Connection is a specific form of interpersonal pleasure that sexual activity can generate, which is why it deserves its own category. For example, consensual sex with a stranger can be physically pleasurable, but it doesn’t necessarily lead to emotional connection. On the other hand, when there is both emotional connection and sexual chemistry between two people, sexual activity can serve to express, enhance, deepen, and sustain this connection. Feeling desire and desired is a powerful dynamic in relationships, that rallies with pleasure to keep it exciting.
Another potential category is holiness. There is a Biblical imperative to share sexual pleasure with a spouse. But that commandment is predicated on these first three purposes, or at least numbers 2 and 3. Aside from the religious value to be fruitful, the assumption is that sexual activity, even during nonreproductive times, is a way of exchanging pleasure and connection in a relationship.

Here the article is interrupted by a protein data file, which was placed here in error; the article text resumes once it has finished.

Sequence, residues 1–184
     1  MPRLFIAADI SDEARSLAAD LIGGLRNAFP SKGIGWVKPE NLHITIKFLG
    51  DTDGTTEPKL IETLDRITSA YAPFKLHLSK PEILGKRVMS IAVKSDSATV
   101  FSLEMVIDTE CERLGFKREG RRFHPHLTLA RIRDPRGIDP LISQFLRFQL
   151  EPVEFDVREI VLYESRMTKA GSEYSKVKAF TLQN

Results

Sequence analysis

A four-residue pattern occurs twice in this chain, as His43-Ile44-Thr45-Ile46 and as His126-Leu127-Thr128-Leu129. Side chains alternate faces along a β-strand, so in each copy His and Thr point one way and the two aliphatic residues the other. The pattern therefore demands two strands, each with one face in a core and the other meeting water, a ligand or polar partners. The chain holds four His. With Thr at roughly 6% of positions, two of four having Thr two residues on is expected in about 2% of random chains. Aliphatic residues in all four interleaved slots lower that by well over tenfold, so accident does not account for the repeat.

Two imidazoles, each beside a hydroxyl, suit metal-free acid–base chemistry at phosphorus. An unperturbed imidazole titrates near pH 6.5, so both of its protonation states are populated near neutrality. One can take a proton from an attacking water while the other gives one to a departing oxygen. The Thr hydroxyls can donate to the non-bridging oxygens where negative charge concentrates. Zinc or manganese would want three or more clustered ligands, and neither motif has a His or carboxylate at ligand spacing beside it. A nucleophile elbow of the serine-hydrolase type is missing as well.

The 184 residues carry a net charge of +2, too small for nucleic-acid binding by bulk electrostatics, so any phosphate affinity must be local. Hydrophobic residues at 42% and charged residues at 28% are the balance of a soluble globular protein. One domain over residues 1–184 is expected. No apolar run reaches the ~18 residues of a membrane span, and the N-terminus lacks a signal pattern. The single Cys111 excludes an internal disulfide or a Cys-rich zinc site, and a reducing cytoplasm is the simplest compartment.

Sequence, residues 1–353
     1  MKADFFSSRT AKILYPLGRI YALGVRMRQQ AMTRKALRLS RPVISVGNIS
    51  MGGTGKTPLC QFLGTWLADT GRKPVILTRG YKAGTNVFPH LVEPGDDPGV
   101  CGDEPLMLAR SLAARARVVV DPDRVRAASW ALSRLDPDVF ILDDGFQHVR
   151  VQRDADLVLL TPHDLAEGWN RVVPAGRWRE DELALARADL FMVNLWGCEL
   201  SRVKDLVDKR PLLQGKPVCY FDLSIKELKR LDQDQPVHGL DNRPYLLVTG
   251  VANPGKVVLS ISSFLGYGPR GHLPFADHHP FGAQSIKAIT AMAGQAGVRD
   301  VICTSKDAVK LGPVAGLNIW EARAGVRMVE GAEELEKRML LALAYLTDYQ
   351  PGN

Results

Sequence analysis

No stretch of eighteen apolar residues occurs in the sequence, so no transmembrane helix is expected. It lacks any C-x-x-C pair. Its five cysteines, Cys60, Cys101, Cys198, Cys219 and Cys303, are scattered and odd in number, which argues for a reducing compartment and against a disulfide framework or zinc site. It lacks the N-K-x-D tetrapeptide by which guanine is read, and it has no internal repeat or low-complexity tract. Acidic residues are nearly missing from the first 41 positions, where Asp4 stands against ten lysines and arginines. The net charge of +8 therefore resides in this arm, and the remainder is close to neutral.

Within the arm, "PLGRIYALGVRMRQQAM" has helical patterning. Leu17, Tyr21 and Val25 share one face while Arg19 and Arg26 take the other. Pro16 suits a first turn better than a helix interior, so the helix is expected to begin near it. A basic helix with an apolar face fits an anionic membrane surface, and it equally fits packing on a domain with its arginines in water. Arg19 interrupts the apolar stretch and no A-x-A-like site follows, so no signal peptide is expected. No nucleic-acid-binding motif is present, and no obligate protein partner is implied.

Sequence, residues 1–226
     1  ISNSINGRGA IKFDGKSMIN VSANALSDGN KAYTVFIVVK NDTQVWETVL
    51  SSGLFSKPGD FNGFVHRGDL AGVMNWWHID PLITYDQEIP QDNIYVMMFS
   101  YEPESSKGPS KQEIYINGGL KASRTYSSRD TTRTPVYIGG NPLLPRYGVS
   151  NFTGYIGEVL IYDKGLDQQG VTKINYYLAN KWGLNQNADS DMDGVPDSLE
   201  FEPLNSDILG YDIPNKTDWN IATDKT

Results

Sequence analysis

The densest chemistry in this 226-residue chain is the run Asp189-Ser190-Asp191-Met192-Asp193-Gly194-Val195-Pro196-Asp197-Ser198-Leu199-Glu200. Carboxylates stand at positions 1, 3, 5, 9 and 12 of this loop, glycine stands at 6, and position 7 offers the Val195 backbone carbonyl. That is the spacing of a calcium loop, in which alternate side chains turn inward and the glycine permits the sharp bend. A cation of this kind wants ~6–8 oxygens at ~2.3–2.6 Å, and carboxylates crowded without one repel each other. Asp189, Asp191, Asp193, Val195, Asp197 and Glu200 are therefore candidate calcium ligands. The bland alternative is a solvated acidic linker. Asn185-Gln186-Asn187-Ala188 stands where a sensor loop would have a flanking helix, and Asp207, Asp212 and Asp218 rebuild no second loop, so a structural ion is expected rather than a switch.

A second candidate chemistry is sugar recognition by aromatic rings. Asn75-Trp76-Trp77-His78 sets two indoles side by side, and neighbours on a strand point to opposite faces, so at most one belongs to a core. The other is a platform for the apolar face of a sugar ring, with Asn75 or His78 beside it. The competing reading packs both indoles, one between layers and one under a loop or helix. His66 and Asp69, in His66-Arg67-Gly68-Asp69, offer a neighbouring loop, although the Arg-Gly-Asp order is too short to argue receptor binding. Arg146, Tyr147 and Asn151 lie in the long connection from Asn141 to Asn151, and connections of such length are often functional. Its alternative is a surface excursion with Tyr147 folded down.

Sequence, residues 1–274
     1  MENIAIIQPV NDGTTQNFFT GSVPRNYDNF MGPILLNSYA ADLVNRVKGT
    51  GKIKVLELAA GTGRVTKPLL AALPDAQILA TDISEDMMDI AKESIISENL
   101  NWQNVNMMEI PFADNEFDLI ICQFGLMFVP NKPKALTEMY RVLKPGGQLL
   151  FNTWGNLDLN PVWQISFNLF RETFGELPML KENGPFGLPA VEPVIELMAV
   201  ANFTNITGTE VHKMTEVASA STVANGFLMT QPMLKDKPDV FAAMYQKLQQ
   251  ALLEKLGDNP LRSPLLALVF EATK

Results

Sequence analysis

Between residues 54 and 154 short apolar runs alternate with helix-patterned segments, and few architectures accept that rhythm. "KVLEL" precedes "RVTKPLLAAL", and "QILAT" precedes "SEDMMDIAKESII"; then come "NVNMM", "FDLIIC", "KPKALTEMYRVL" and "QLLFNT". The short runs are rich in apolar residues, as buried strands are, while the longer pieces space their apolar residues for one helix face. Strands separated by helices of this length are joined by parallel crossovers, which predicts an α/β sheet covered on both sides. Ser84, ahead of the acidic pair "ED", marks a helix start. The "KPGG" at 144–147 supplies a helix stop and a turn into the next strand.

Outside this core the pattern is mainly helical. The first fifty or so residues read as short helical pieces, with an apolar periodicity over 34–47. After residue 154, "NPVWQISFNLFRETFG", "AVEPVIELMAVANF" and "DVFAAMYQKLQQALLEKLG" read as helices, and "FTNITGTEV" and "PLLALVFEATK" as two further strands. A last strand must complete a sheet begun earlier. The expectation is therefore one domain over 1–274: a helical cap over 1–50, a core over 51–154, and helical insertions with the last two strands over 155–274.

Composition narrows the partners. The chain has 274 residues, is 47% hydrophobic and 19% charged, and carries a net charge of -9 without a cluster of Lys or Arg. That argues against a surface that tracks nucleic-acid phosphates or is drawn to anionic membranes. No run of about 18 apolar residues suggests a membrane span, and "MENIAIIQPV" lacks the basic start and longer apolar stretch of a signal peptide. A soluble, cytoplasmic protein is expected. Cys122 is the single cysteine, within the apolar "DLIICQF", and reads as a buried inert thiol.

When one of these three is missing, it can create very painful distress- self-blame, hopelessness, relational tension, and aggravation.
If a couple is trying to conceive and it’s not happening, it can not only lead to sadness, anxiety, and frustration about not having a baby when they want it, but also sometimes detract from the enjoyment of sex. When “love-making” is so focused on “baby-making” it can be challenging to tap into the potential pleasure and connection.
Even independent of procreation, if one or both partners are not feeling physical pleasure or emotional connection, that too can usually be psychologically and even physically painful.
Generally, the people who ask what the point of sex is are those who are not feeling much or consistent pleasure and/ or connection from sexual activity, and typically only engage in it to please a partner. This can lead to resentment, which feeds the cycle of displeasure and disconnection.